This really was a hidden gem, with a glorious old boy behind the counter, happy to chat and answer questions. He kept Stanley entertained while we shopped around. We chatted about the future of Scunthorpe Steel Works and the "good old days" of the trade and hard working men. We were proud of Scunthorpe for a few moments as we big chatted about the history of the town.
While Mr P spoke with this kind gentleman, I snook around taking photos of things I wished we could bring home, all the while wondering what the smell was. It wasn't the typical second-hand shop smell of fusty glory and many-a-story type smell. It was acid and sour.
It was only on looking back at these photos that I noticed the old gent must sit all day smoking fag after fag. Those yellow walls are painted with white emulsion - he'd told us so while we were nattering. That thick yellow staining made us both giggle as we left. An old-school guy refusing to move on with modern policies. Even though we stank a bit it was a splendid trip into a time that many have forgotten, with an old gent who seemed often forgotten.
The rain really came down on our last day and we decided to seek shelter and lunch in a pub that we kept swooning over. Sunken floors, a thatched roof and some stunning signage.... the pub wasn't serving food that day and we couldn't really hang around too long with a hungry whiny toddler. Luckily we met a very kind couple who advised us to walk up the road to Ayscoughee Hall. We'd seen signs but hadn't realised how close this striking and beautiful venue was.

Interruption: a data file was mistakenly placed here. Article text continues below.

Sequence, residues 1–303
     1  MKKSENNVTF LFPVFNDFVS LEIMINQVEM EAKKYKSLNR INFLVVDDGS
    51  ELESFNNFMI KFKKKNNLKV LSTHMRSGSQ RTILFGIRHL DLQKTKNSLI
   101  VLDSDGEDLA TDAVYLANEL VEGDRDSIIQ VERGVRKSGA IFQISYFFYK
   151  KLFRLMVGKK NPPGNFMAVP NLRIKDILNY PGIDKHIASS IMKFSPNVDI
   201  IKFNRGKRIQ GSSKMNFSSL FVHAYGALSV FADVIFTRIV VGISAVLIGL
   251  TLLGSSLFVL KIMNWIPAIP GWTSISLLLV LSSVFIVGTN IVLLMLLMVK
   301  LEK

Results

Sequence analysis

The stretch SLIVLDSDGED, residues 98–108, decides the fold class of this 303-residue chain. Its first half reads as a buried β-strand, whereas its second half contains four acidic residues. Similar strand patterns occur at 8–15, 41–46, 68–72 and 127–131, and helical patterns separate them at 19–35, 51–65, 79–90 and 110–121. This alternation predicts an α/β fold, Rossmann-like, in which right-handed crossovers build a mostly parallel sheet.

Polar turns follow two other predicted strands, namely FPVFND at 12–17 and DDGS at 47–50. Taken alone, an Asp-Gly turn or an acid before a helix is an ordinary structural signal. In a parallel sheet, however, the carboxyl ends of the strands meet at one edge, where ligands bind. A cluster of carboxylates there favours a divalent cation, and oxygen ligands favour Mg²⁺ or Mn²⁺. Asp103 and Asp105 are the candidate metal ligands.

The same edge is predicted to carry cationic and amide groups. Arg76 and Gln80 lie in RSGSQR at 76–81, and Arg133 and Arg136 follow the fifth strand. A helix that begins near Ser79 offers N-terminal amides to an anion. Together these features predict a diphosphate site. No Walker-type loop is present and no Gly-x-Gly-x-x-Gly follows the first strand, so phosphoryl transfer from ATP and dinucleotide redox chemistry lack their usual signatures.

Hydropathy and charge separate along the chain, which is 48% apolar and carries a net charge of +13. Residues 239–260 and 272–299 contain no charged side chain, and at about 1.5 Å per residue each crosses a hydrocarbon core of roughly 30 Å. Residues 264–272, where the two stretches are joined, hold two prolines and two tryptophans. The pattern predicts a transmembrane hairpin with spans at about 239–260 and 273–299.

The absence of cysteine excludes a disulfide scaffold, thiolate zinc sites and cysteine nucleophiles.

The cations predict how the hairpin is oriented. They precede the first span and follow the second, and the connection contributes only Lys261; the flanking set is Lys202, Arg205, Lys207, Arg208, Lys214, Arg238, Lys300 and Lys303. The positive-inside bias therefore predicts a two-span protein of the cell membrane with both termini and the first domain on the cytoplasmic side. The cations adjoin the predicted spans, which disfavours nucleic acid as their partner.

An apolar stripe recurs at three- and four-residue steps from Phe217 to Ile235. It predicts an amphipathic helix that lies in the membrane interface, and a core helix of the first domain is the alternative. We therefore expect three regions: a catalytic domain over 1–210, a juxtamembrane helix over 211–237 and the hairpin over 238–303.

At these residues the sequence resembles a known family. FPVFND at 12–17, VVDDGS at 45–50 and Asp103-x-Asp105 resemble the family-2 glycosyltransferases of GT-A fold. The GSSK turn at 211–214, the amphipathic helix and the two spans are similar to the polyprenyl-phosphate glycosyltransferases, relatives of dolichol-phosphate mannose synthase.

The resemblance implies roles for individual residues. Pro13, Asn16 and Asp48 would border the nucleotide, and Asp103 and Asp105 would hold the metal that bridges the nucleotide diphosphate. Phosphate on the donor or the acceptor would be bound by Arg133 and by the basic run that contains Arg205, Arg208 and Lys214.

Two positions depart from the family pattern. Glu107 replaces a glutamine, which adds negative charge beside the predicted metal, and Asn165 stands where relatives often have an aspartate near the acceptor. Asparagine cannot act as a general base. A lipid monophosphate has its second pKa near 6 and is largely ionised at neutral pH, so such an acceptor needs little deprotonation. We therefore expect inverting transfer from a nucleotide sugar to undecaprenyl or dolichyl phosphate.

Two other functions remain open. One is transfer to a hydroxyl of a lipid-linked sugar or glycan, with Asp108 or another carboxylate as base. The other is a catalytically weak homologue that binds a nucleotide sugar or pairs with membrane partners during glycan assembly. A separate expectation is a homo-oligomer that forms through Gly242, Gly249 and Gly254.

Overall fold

|Ayscoughfee was easy to find, being less than a minute's walk and having this fantastic frontage|
|Walking in, we kept looking up at the beautiful ceilings|
|...and happening across beautiful rooms. This splendid cabinet full of all the things we love... taxidermy, found objects, tatty books. We spent a lot of time swooning over the birds and creatures in this cabinet, it's a wonderful collection.|
|Some of the objects in the cabinet were found from the continual renovations on the grounds and building.|
Wandering through the hall, Stanley was pottering about, pointing and shouting at various things he was finding.
It was a great safe space for him to run around freely, discovering new things. Which actually drew our attention to things we wouldn't have noticed otherwise.
|Stanley thought these animals were dogdogs.|
Once the rain had calmed, staff recommended that we take Stan for a run around their famous gardens.
Ayscoughfee (pronounced Ay-Sco-Fee apparently) Hall was a lovely place to go as a family and really topped to trip off nicely.
I believe the term for our mini-break is currently called a "Staycation". Modern. We'll never be a family who gets away to far flung exotic places, but having the chance to discover this country's hidden gems is something we really enjoy. We are open to hearing of places to visit, so don't hesitate to get in touch with your recommendations!
This country has some tiny hidden gems that can go a bit forgotten by the local people. So, Spalding, next time an instagrammer asks what there is to do in your hometown... Wooden Wigwams and AyScoFee Hall are ace places to start!